In order to fix the protective film 26, it may be sintered after dried. Also, the glass may be temporarily held, using a quick setting adhesive or the like. Then, a protective film is formed similarly on the rear side by the same means. In particular, in FIG. 16(e), the side surfaces on the rear side are coated with adhesive tape or the like. Temporary external electrodes (not shown) are formed on the alternate electrodes 25b shown in FIG. 16(d), followed by immersion of the laminate 51 in the above-described suspension. A counter electrode plate (not shown) is disposed before the side surfaces on the rear side. A DC voltage is applied between the counter electrode plate and the temporary external electrodes to form a similar protective film at and near the ends of the internal electrodes 22b.

The laminate 51 having the protective films 26 formed at the ends of the internal electrodes 22a and 22b is machined by shot blasting. Specifically, plural laminates 51 and glass beans or abrasive grains of Al2 O3, SiC, SiO2, or other substance are used. Grooves or recesses are formed by bombardment of the abrasive grains. By this short blasting, the surface other than the protective film 26 is selectively ground by collision and friction of the abrasive grains to form curved recesses 29 as shown in FIG. 16(f). Then, as shown in FIG. 16(g), an insulating material such as glass is applied to, or printed on, the inner surfaces of the recesses 29 to form insulating layers 30. As shown in FIG. 16(h), both side surfaces are lapped to partially remove the protective films 26 and the insulating layers 30. By this lapping, alternate layers at the ends of the internal electrodes 22a and 22b are again exposed at the side surfaces of the laminate 51. As shown in FIG. 16(i), external electrodes 23a and 23bare formed for connection with their respective internal electrodes 22a and 22b.

FIG. 17 is an enlarged cross section showing that portion of the lamination-type displacement device formed as described above which is close to the external electrode 23a. As can be seen from this figure, the distance lo between the external electrode 23a and the fringe of each internal electrode 22b is taken along the curved surface of the corresponding recess 29, the internal electrode 22b being located on the opposite side of the insulating layer 30 from the external electrode 23a. This distance can be set larger than the distance between the internal electrodes 22a and 22b. Therefore, the dielectric strength can be improved. Also, the distance lo taken along the curved surface can be made substantially uniform, since the recesses 29 are formed substantially uniformly along the fringes of the internal electrodes 22a and 22b. In this way, a reliable lamination-type displacement device can be fabricated.

In the present example, the material of the protective films which coat the exposed portions of the internal electrodes is powdered glass or silica. The protective films can be made from other materials. Any other material can be used as long as it is left during the subsequent step in which the side surfaces other than the protective films are selectively polished. In the above example, the protective films are formed by electrophoresis. The invention is not limited to this method. Screen printing and other means may be adopted. Also, the means for forming the recesses over which the insulating layers should be formed can be other than shot blasting. Any other means may be utilized as long as the side surfaces other than the protective films of the laminate can be selectively polished.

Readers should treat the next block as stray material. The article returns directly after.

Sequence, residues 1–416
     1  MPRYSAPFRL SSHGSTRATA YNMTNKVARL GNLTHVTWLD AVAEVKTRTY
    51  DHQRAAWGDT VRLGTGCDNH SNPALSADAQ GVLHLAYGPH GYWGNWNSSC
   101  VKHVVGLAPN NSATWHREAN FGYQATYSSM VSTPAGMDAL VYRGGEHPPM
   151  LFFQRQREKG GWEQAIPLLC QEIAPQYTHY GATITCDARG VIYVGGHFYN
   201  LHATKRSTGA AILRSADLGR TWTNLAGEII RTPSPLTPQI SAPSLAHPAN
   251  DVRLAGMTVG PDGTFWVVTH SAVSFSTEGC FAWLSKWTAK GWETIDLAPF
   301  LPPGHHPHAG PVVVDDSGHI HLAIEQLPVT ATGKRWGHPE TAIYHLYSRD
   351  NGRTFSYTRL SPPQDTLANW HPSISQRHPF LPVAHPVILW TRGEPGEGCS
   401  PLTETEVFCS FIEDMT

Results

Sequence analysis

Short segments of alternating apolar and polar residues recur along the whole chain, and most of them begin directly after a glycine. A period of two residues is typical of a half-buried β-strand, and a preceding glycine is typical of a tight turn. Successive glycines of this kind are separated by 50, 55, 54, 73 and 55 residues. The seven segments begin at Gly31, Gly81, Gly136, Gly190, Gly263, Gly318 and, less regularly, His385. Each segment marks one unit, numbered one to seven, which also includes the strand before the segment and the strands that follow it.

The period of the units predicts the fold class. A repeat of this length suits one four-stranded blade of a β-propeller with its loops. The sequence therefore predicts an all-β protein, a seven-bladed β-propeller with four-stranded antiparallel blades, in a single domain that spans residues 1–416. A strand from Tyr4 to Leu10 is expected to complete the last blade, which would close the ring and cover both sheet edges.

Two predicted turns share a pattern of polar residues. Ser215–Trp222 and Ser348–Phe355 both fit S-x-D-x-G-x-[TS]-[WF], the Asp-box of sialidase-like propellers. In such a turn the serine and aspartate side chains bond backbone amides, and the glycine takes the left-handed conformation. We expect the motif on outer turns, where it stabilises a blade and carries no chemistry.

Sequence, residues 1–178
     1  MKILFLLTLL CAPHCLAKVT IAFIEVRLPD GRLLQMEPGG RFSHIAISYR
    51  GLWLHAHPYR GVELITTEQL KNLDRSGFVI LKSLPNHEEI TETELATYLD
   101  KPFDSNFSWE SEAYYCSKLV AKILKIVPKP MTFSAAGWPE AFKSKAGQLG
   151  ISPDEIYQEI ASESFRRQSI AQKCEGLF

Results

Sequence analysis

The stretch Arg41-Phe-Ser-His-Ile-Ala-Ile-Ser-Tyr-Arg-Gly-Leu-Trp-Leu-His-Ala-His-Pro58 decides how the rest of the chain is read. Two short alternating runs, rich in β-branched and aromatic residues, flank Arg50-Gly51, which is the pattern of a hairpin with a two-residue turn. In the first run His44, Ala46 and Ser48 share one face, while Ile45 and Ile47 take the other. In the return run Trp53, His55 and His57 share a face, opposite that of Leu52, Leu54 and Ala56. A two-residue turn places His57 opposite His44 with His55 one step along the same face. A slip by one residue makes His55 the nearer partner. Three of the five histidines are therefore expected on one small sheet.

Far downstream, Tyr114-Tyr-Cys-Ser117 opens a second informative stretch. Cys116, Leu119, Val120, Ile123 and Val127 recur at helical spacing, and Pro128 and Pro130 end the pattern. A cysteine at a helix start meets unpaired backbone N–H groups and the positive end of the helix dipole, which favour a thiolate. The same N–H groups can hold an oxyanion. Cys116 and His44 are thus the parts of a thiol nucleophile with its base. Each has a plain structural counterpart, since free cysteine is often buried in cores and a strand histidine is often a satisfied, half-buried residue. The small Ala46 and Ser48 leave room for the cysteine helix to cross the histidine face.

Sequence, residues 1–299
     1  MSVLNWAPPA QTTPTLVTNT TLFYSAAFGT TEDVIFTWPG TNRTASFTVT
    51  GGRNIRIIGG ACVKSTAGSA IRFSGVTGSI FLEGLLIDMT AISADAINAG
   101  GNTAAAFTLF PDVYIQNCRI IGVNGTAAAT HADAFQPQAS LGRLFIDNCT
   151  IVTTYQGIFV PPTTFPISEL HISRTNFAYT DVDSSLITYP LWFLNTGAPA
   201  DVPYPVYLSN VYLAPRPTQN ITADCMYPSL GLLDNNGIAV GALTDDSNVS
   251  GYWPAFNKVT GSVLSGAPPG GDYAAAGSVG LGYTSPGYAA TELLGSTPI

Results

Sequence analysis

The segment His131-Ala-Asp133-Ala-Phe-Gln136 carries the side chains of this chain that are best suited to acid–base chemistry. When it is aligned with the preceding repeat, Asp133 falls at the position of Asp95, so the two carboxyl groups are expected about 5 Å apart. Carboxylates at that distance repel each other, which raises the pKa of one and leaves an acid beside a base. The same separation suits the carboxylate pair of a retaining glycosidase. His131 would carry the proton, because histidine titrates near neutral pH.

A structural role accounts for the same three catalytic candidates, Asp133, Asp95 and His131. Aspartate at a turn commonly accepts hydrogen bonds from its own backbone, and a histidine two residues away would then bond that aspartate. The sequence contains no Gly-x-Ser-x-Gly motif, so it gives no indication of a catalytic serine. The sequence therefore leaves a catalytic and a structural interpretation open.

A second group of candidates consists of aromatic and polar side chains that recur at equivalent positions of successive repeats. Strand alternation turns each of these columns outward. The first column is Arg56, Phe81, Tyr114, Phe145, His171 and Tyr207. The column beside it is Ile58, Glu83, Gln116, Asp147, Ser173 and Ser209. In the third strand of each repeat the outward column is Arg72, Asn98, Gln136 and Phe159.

In the present example, when the laminate takes the form of a block before the device is completed, the insulating layers and the external electrodes can be formed. Therefore, it is easy to handle. Also, the machining efficiency can be enhanced. In addition, the distance between the electrodes is taken along the curved surfaces and so can be set larger than the distance between the internal electrodes. Hence, the dielectric strength can be improved.

EXAMPLE 2

PVB was added as an organic binder to a powdered electrostrictive material consisting mainly of Pb (Zr, Ti)O3 -Pb(Mg, Nb)O3. BPBG was added as a plasticizer to the powdered material. Trichlene was added as an organic solvent to the powdered material. The powder was mixed up to form a slurry. This slurry was applied to Mylar film with a doctor blade to form a sheet 100 μm thick. This sheet was peeled from the film. Platinum paste was printed on one side of this sheet in the pattern shown in FIG. 1 to form internal electrodes 3 and 4. These electrodes were stacked successively, heated, and bonded together under pressure. Then, the binder was removed. The laminate was sintered at 1100░ to 1250░ C. for 1 to 5 hours. As a result, a laminate was formed in which the alternate layers of the internal electrodes were exposed at right and left side surfaces, as shown in FIG. 21. Temporary external electrodes 13 and 14 were formed on both side surfaces.

One of the side surfaces of the laminate not having the temporary external electrodes was masked by a masking reagent and then the opposite surface was plated with a metal.

The composition of the plating liquid was so determined that 300 g of nickel sulfate, 45 g of nickel chloride, and 45 g of boric acid were contained per liter of pure water. The laminate and a counter electrode made of nickel were immersed in this plating liquid. The temporary external electrodes were connected with the positive terminal, while the counter electrode was connected with the positive terminal. A DC voltage was applied at a current density of 40 A/cm2 for 20 minutes. As a result, belts of nickel plating, indicated by 5, each having a height of 30 μm and a width of 40 μm were formed on alternate layers of the internal electrodes.